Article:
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Everybody has the right to health, which is defined by WHO as a state of complete physical and mental wellbeing and not only the absence of disease and infirmity. Working people also have the right to health and to healthcare as close as possible to where they live and work.
Healthier and safer workplaces can prevent at least 1.2 million deaths every year, according to a 2018 WHO study. Many deaths and disabilities can be prevented through addressing major health threats at the workplace, such as stress, long working hours and shift work, prolonged sitting at work, work-related climate sensitive diseases, such as heat and cold stress, as well as workplace air pollution. The workplace is a key setting for action in many WHO global health initiatives on environment and climate change, non-communicable diseases, mental health, tuberculosis, HIV and other communicable diseases.
The 24/7 digital economy, long working hours, high demand and rapid change with low personal control can be devastating for physical and mental health and wellbeing. However, new frontier technologies and new ways of working provide solutions for classic occupational health problems, for example, by using robots for hazardous work, or artificial intelligence for monotonous, annoying tasks.
Most workers in informal and precarious employment, gig economy, care economy, migrant and domestic workers don’t have regulatory protection of their health and safety at work, occupational health services, and social security. We want the future of work to close, and not to widen, the gaps between those who have full labour rights, health and safety services, regulatory and social protection and those who do not.
WHO and ILO are working together to develop a joint methodology and estimates of the health impacts of occupational risks based on the WHO burden of disease studies and ILO labour statistics. Such a methodology will allow us to assess and forecast the health impacts of changes in the labour force composition in the future of work.
WHO is working with countries to extend universal health coverage to 1 billion more people. The most basic interventions and services for safer and healthier workplaces need to be accessible for workers in all forms of employment, including in the informal economy, precarious employment, migrant workers and digital platforms. It is at the workplace where the Universal Health Coverage, the global goal of the WHO, and the Universal Labour Guarantee, proposed by the ILO Global Commission, can make a visible difference in the daily life of working people and their facilities, by connecting access to preventive, curative and rehabilitative health services to the right of all workers to health and safety at work. Health and labour policy makers need to join efforts to make this happen.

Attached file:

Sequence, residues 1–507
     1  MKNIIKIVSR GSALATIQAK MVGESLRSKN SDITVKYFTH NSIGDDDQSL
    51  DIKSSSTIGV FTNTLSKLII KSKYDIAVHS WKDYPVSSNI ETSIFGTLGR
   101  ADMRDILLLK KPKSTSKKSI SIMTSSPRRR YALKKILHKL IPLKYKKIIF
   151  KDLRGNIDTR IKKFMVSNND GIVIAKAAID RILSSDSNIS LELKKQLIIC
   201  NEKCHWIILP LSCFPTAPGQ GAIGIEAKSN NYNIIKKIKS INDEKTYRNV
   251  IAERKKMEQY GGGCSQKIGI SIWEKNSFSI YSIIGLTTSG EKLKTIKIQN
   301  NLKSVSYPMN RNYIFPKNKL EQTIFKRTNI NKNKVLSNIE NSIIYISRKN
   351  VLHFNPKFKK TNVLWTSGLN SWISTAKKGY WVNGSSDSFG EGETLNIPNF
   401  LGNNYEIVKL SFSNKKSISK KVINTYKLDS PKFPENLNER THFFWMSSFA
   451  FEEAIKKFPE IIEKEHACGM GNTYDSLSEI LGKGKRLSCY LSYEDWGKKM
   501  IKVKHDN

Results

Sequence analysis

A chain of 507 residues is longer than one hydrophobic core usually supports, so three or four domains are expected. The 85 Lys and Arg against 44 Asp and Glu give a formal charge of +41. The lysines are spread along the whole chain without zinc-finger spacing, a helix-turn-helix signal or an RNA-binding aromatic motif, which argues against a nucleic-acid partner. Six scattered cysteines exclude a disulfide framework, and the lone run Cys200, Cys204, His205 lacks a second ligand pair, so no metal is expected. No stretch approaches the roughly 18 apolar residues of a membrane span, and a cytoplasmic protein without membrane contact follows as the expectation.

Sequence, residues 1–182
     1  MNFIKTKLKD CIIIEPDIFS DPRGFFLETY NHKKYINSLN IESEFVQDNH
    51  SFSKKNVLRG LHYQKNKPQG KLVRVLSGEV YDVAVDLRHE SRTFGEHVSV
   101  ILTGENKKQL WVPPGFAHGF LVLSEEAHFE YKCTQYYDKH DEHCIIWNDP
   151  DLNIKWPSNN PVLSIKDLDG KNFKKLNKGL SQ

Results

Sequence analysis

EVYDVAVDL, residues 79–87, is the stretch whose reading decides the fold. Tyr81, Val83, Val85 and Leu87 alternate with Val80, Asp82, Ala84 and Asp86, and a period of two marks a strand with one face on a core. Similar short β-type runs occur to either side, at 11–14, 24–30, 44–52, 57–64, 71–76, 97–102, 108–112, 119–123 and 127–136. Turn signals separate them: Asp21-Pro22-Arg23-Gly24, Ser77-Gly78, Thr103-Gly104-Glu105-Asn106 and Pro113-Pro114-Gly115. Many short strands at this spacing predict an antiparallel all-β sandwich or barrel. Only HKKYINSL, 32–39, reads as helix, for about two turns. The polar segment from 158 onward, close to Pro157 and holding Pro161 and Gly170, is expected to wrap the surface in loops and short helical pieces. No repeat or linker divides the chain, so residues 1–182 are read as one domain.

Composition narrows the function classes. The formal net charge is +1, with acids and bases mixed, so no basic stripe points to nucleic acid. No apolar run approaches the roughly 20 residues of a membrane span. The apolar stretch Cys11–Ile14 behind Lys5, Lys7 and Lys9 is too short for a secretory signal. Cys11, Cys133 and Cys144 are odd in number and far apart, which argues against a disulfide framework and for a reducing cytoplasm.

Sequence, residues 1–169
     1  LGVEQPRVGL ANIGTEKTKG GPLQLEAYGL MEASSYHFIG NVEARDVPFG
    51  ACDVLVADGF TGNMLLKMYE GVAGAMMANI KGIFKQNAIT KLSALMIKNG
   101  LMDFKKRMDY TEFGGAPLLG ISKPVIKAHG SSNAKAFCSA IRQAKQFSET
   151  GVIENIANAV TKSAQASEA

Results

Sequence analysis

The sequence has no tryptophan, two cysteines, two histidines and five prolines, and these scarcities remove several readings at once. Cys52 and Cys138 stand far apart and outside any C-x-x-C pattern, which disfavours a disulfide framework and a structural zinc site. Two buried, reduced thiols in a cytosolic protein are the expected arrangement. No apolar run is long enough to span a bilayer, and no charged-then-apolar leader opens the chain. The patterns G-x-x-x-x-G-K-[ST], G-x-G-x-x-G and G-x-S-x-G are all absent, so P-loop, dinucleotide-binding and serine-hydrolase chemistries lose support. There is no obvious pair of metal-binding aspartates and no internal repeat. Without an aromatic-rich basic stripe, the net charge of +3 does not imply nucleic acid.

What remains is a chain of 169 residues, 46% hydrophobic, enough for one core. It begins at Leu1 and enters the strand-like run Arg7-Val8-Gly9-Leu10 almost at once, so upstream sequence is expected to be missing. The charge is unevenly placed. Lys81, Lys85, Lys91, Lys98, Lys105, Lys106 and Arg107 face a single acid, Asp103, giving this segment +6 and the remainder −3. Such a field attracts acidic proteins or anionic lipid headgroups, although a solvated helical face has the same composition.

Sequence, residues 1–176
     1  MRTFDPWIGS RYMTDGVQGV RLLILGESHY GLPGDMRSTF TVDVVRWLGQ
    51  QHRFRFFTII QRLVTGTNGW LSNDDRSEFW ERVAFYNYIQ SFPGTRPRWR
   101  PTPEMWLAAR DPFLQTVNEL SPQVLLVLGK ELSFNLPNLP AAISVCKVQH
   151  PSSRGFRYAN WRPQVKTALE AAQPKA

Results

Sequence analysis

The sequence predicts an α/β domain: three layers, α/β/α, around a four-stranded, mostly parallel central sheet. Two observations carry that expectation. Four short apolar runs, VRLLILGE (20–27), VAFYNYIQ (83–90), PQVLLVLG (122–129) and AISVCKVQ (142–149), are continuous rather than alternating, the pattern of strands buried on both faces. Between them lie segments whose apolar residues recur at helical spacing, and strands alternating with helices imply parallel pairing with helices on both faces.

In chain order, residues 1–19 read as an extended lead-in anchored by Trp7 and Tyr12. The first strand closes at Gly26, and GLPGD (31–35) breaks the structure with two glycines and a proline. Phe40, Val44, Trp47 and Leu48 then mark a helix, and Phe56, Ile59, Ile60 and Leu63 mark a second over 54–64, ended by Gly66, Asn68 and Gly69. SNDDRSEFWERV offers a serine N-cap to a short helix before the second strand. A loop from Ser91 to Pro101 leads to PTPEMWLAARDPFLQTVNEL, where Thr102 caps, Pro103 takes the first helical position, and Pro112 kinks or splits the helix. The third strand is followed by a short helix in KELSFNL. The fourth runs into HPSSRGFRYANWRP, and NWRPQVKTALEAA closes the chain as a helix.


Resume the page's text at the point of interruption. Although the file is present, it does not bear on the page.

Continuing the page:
The current system of regulations, services and practice of occupational health and safety is a product of 20th century forms of work and organization of the economy – standard employment in big enterprises with social protection and regulatory control. This system is not anymore suitable for the new forms of work and work organization - it needs to evolve to ensure no one is left behind. We need a reform of occupational safety and health (OSH) governance and services. The lack of collaboration between health and labour sectors in countries is a major obstacle for addressing the health and safety challenges from a changing world of work.
Globally, the proportion of people suffering from non-communicable diseases, such as cancer, respiratory, cardiovascular diseases, diabetes and mental ill-health, is increasing. In the future, working people will work with several chronic diseases. Therefore, as part of the measures to stop this epidemic, the Third High Level Meeting on Non-Communicable Diseases, held in September 2018 at the UN General Assembly called for providing healthy and safe working conditions, tobacco free workplaces, wellness initiatives and improving health coverage of workers. How can we make this possible? How can we make sure that frontier technologies are healthier, and working with artificial intelligence and robots is a source of pleasure and not a source of stress for working people?
We hope that the future of work will also be a good future for the health of all people. The jobs in the care economy will be increasing, no doubt. Some traditional jobs in the health sector may be replaced by robots and artificial intelligence, but no machine can replace human care and compassion. How will we prepare our future health workers with new skills to work with frontier technology and to do what technology cannot do, i.e. to be human? What will be the division of labour between humans and machines in the care economy? We have an ongoing collaboration with ILO and OECD on the future of health employment and inclusive economic growth and would like to see working conditions in the health sector to become more decent and more attractive for young people. The new jobs in the health sector need to be decent. This requires healthy and safe workplaces for everyone, everywhere – from hospitals to primary care, in cities, villages and fragile settings, and anytime – in daily work, and in public health emergencies.
We also need to be mindful of the environmental challenges arising from climate change, environmental pollution, for example air pollution. Many gig economy workers work outdoors and have no protection from air pollution and heat stress, this work is outside the scope of existing OSH regulations. The green jobs of the future also need to be decent, healthy and safe jobs. By combining health and safety at work with environmental protection, by linking human and environmental capital, we can contribute to a brighter future of work, a sustainable economy and a healthier planet.